Research methods

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In this section you will explore different approaches to research and see how they are applied to the emergency management sector.

There are three broad approaches to research: quantitative, qualitative and mixed method. These approaches are not distinct but represent different ends on a continuum, with mixed methods residing in the middle (Newman and Benz 1998 and Creswell 2011).

Quantitative research

Quantitative research is an approach that tests objective theories through the examination of measurable variables. These variables are measured with instruments that collect and analyse data statistically. Quantitative research methods use the ‘scientific method’, initial analysis of a topic produces defined questions, these questions can then be answered using an inductive approach, or can be used to formulate hypotheses to be tested using a deductive approach.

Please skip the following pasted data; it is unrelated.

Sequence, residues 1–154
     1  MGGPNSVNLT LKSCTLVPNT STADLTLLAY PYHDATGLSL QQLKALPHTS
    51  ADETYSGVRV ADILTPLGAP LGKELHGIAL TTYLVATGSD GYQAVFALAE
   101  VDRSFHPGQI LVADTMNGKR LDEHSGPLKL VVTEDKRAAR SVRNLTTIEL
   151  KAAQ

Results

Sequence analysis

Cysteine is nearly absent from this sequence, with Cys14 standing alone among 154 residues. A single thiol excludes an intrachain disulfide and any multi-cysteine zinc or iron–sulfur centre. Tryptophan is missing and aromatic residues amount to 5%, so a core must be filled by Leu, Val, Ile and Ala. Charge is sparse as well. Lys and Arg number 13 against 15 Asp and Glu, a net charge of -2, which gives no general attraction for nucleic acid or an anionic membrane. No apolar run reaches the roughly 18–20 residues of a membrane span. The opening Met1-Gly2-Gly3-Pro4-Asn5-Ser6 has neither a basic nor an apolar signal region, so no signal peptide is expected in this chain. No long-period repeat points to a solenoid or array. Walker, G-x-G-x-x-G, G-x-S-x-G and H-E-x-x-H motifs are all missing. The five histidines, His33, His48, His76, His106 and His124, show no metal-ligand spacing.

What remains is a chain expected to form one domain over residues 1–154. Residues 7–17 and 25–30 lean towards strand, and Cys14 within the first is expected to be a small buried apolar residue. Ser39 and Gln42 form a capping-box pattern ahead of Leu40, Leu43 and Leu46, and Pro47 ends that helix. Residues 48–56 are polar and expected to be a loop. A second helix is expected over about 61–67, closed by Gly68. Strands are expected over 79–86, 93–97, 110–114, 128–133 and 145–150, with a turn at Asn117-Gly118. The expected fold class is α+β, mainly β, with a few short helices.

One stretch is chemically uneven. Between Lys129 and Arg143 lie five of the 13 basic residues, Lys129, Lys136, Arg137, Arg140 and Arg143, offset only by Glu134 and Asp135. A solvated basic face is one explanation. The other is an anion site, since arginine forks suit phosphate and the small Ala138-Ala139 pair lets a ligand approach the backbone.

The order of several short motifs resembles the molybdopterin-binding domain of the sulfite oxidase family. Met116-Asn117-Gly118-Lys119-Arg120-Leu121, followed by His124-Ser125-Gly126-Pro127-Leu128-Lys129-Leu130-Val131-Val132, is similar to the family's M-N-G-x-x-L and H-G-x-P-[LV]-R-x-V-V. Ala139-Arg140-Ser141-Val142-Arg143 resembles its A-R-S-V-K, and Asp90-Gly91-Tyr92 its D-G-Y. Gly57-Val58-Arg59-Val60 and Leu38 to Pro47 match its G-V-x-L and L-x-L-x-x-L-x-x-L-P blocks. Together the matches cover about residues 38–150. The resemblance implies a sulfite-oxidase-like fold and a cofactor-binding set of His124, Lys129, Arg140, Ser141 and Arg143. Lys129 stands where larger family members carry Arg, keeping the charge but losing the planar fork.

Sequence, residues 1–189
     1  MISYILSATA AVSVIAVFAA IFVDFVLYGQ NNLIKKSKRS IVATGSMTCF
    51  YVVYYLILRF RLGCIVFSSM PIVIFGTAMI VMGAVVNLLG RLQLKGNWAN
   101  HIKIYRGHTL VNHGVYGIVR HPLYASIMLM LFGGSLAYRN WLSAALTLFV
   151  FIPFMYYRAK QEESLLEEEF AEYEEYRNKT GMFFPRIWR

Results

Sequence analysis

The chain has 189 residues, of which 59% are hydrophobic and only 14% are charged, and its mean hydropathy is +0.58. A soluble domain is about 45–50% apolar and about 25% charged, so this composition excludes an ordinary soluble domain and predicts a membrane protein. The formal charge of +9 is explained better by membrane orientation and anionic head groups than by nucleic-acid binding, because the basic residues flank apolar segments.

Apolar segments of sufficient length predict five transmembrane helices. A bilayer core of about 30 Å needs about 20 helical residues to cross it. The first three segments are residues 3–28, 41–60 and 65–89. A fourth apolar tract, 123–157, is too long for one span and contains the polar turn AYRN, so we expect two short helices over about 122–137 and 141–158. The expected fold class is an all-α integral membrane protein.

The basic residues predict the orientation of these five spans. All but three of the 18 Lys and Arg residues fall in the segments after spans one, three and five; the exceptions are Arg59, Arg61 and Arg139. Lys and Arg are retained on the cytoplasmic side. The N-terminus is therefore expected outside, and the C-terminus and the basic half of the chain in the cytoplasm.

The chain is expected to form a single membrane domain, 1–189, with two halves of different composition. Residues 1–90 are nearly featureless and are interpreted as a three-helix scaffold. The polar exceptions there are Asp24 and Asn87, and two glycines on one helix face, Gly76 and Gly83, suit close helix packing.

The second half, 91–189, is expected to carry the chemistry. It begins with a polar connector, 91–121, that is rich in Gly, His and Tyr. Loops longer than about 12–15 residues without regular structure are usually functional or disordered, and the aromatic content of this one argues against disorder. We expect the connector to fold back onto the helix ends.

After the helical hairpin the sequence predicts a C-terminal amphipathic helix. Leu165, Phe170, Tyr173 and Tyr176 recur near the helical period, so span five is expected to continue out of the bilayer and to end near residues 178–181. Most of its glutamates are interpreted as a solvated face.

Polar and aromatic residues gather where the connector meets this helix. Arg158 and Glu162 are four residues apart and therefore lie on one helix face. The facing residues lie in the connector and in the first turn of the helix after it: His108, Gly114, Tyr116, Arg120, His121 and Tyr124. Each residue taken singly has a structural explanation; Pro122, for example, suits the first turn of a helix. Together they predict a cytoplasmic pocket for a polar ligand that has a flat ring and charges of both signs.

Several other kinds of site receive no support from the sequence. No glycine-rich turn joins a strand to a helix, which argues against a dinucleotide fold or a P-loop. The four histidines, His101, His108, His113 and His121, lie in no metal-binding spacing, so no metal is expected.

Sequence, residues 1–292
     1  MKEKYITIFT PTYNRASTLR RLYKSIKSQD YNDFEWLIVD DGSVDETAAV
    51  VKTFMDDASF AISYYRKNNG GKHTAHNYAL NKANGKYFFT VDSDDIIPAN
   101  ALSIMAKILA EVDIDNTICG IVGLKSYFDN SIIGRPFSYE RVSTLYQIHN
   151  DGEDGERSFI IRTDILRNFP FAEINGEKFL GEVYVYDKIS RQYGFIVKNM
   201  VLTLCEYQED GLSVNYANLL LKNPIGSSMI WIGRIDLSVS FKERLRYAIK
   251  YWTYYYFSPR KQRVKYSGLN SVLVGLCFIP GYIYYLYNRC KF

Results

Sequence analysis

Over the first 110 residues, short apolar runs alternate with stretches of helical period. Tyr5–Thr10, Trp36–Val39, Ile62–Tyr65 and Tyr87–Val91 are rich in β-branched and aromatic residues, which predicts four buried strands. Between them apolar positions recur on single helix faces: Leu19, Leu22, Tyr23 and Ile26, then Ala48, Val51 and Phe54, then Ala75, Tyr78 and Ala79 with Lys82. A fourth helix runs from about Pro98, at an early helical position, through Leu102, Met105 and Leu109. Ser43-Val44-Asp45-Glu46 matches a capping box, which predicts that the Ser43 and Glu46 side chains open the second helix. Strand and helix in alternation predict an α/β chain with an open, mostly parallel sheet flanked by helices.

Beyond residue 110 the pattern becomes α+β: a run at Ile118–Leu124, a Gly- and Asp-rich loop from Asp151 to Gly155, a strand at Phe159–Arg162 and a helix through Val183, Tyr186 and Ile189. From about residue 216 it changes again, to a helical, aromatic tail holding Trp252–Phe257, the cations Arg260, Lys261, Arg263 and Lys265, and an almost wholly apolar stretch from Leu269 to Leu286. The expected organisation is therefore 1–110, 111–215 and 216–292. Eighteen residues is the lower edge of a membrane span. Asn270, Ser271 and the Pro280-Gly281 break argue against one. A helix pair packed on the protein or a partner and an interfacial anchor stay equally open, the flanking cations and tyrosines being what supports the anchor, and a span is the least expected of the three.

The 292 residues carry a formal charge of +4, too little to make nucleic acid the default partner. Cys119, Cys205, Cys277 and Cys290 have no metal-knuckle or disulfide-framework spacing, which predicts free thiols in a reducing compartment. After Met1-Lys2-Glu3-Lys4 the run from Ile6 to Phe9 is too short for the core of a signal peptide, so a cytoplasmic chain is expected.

Qualitative research

Qualitative research investigates a topic in a more exploratory fashion without the constraints imposed by the rigid quantitative approach. The aim of the qualitative approach is to gain an understanding of underlying reasons and motivations, developing new theories during the exploratory exercise. In this type of research, data can be analysed and interpreted to find meanings in complex situations.

Mixed methods

The mixed methods research approach involves collecting data both qualitatively and quantitatively. This combines the strength of the philosophical assumptions and theoretical framework of both quantitative and qualitative approaches to provide a rich understanding of a research problem.

Your task

You have begun to imagine a potential research question. Which research method do you think best suits your question and why?

References

Newman, I. Benz, C. R. (1998) Qualitative-Quantitative Research Methodology: Exploring the Interactive Continuum. Carbondale: Southern Illinois University Press

Creswell, J. W. (2011) ‘Controversies in Mixed Methods Research’. The SAGE Handbook of Qualitative Research. ed. by Denzin, N. K., Lincoln, Y. S. 4th edn. Thousand Oaks: Sage, 269-284

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This article is from the free online course:

Researching Risk, Disasters and Emergencies

Coventry University